Workplace Bullying Awareness: Train to Spot Passive Aggressive | #Leadership #HR

Many companies now have training to increase workplace bullying awareness. Certainly to end bullying, first you must be aware of when it’s happening. Yet, companies need to do more to help leaders, managers, and employees spot and address passive aggressive bullying. It is the more common type of bullying in the workplace.



Workplace Bullying Awareness: Spot Passive Aggressive & Aggressive Behaviors

Workplace Bullying Awareness: Train Everyone to Spot Passive Aggressive & Aggressive Behaviors.

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Workplace Bullying Awareness: Train Everyone to Spot Passive Aggressive Behavior

Passive aggressive bullying is more common in the workplace than aggressive bullying because bullies have a sense that full out aggressive bullying could lose them their jobs. So they use passive aggressive behaviors to do it in a more hidden less obvious way. It gives them the ability to say, “I didn’t do anything wrong.” However, these behaviors have a toxic impact on others and the workplace culture.

Train Everyone to Spot & Address Passive Aggressive Behavior

  1. Watch for people who stand just a bit close to someone they have expressed envy, jealousy, or dislike for. They rarely let the other person alone. Yet it’s not aggressively close.

  2. Listen for sarcasm and/or backhanded compliments. Passive aggressive bullies will claim later they didn’t mean anything by it.

  3. Spot those who frequently make comments about one person’s appearance or behaviors thus invading that person’s mental space.

  4. See how a passive aggressive bully interrupts a specific person — not everyone — when that person is talking. Bullies use this passive aggressive move in the workplace to make sure the person they interrupt loses ground.


Steps to Address Passive Aggressive Bullying

  • Discuss the difference between aggressive and passive aggressive bullying. Use examples and illustrate with tone of voice, etc…

  • Explore the reasons people use passive aggressive behaviors. Envy, jealousy, fear, are just some of the drivers of bullying behavior. Discuss any leadership, management, and organizational issues that may be driving these behaviors as well.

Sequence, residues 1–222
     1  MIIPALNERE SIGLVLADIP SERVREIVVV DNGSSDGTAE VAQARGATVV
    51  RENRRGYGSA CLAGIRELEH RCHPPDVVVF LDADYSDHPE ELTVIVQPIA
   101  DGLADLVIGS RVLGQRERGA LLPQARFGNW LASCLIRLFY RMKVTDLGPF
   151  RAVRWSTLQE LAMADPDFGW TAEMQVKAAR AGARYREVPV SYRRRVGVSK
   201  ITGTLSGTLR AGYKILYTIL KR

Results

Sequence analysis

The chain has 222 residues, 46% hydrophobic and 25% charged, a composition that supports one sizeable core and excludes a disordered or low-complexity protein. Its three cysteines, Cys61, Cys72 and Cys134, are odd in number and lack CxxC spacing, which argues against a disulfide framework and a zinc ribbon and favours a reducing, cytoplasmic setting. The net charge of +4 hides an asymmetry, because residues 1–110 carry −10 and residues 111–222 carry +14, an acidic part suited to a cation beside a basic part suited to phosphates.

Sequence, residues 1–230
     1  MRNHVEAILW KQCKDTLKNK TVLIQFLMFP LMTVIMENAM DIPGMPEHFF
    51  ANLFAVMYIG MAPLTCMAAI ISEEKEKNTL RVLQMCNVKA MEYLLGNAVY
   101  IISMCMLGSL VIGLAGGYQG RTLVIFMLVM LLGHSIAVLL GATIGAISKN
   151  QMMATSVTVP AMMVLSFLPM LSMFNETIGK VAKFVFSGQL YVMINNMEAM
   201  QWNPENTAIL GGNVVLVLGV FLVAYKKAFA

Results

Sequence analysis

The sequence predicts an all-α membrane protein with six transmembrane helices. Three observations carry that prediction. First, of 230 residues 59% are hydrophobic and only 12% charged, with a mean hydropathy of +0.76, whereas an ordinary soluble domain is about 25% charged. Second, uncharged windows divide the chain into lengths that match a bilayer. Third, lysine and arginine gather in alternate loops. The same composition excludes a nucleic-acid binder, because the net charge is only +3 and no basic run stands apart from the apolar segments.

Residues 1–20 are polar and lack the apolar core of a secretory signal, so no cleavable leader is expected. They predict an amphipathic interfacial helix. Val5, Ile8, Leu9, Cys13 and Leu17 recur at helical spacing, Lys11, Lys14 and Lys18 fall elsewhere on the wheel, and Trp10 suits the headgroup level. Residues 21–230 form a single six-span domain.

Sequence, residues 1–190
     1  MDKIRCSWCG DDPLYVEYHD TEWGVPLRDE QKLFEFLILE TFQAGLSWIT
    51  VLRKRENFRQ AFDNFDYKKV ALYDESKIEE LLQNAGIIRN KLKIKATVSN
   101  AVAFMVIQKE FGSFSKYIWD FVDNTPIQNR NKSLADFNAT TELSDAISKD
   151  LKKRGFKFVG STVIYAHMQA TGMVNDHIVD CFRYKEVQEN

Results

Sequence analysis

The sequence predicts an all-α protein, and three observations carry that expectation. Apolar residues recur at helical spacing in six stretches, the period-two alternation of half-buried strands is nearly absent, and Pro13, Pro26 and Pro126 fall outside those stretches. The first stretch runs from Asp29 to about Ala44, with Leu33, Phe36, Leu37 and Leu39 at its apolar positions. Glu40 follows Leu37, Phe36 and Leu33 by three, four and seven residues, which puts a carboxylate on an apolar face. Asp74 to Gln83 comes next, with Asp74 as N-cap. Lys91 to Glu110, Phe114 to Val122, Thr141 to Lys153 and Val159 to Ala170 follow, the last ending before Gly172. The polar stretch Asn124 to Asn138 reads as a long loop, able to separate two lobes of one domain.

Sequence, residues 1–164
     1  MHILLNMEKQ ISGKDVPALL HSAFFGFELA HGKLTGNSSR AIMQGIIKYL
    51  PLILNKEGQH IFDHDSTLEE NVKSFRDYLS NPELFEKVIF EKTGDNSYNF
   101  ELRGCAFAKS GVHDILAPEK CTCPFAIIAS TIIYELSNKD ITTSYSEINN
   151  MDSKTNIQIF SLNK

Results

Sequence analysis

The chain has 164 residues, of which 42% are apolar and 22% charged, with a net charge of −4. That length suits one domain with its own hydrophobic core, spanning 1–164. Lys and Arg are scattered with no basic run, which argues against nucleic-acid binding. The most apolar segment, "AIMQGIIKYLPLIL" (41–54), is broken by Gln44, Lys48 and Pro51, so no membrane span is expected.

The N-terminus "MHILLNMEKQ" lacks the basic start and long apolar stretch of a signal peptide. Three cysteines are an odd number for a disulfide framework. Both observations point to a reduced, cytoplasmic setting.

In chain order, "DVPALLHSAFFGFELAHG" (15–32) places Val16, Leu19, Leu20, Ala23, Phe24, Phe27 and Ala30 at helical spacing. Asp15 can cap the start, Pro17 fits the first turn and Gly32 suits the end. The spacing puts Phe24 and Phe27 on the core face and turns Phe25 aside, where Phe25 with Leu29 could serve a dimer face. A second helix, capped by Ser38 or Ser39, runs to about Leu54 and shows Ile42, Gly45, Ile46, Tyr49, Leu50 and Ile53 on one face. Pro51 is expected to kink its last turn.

• Highlight how to ask for what you need and assert what you want without bullying. Many people do not know how to do this!

  • Find Out What Employees Need From You

  • Find out what employees expect and need from managers and leaders to help them when someone is bullying them. Some managers and leaders tell those being bullied to “work it out themselves.” Wrong! Passive aggressive bullies will tell them “they didn’t do anything wrong. It’s all in their heads.” Bullied employees need your help. Find out what they expect.

  • Engage employees in creating the training program. Instead of leadership, management, and Human Resources, handing the employees yet another training program, tap employees for examples of passive aggressive bullying that exists in your workplace. When people have a say in the training, the real life examples almost guarantee participation and success.


In Conclusion

Workplace bullying awareness must include awareness of passive aggressive bullying. Don’t let the word passive make you think it’s unimportant. In truth it is even more toxic because it flies under the radar. Meanwhile, targets of passive aggressive bullying become despondent because no one believes someone is bullying them. They often leave and find new jobs elsewhere. Don’t lose the talent you’ve hired because you refuse to see what’s happening to them. Passive aggressive bullying ruins your workplace culture, productivity, and morale.